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The footage in the video is obviously not from Tinker Creek, but from my own "backyard" and surrounding areas in Saint Petersburg, Florida. I captured the images using the new Flip Ultra Video Camcorder, and edited them using Apple's iMovie. The music (perhaps a bit cheesy) was composed using samples from Apple's GarageBand software. All quotations are from Dillard's book. Enjoy!
I'll add my two cents to the Dillard vs. Thoreau debate. While many readers--especially high school students--don't see much of a resemblance (mostly because Dillard is so much easier to read), Dillard herself invites comparison by mentioning Thoreau's work half a dozen times. Her style, like Thoreau's, is informal, and her powers of observation are keen. Yet, in my view, there is one important difference between the two writers: Dillard appears to have no interest with the human issues that preoccupied Thoreau: race relations, political activism, egalitarianism--and even environmentalism. In this book especially, Dillard rarely strays from "nature writing," with the exception of a few short passages pondering the role of the "creator" and the place of humans in the universe and one ill-conceived section in which she mangles quantum physics in metaphorical support of some insights on "mysticism.Read more ›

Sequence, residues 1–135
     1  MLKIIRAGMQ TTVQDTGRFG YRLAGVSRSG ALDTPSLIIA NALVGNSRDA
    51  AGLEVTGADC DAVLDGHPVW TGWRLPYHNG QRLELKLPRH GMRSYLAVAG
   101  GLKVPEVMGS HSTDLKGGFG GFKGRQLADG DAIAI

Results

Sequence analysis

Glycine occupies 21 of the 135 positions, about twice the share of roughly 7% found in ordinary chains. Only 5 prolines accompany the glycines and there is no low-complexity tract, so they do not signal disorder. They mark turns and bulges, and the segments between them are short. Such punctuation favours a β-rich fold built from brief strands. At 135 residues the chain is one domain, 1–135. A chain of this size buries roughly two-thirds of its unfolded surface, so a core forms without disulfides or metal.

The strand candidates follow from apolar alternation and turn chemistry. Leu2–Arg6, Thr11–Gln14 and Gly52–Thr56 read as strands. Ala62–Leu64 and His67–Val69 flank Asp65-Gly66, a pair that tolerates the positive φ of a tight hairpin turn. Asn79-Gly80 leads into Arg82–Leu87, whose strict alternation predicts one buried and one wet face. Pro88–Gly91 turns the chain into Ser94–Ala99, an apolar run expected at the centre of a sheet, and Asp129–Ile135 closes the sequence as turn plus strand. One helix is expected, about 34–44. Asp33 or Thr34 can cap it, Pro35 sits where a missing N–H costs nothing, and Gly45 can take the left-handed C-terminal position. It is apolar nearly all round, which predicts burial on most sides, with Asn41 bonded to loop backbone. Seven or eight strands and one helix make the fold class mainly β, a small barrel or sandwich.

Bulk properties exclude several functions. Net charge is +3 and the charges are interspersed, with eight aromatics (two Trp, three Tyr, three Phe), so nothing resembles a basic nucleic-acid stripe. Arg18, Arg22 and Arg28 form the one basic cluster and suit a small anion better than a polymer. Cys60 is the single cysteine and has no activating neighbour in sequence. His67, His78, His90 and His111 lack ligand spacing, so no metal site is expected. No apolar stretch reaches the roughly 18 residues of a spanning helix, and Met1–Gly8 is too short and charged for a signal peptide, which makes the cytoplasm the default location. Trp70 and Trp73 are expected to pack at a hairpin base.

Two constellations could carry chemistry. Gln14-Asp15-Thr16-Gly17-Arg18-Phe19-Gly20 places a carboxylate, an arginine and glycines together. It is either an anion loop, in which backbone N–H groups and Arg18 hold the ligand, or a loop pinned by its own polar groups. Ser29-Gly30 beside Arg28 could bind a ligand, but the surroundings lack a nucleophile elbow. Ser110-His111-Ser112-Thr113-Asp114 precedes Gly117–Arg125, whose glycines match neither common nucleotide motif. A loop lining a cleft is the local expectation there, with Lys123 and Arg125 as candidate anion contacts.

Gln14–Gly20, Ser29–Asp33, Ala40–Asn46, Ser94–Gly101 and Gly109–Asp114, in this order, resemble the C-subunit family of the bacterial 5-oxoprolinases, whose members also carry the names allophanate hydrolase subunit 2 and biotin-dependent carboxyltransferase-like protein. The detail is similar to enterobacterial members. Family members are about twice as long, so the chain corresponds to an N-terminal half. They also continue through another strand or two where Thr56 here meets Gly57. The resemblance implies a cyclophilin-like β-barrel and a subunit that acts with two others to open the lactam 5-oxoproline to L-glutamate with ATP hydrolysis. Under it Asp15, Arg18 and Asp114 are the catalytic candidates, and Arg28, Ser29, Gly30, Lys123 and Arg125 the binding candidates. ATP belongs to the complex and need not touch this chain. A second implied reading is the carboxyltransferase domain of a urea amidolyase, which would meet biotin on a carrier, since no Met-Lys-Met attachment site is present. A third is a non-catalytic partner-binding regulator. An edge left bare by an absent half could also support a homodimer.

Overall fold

Most Recent Customer Reviews
wonderful lyrical, philosophical and scientifically well read reflections on living with nature.Published 1 day ago by Amazon Customer
Bought this for my daughter. My copy is worn and frayed from constant rereading.Published 6 days ago by David Willis
This book is beautifully written---mostly on a poetic level but is best sampled in small intervals.Published 17 days ago by JANET STRICKLAND
100 pages into this book and I can't go on any further. Much as I want to like it, as a naturalist myself, her observations are too arbitrary and personal, I honestly can't follow... Read morePublished 23 days ago by gw
If Henry David Thoreau and Brennan Manning had a literary love child, she would write this book. It is theology in the form of verse, meditation, and natural wonder.Published 24 days ago by Sanders
Great writing; thoughtful insights into life's biggest questions and intimate observations in nature.
Captivating and important.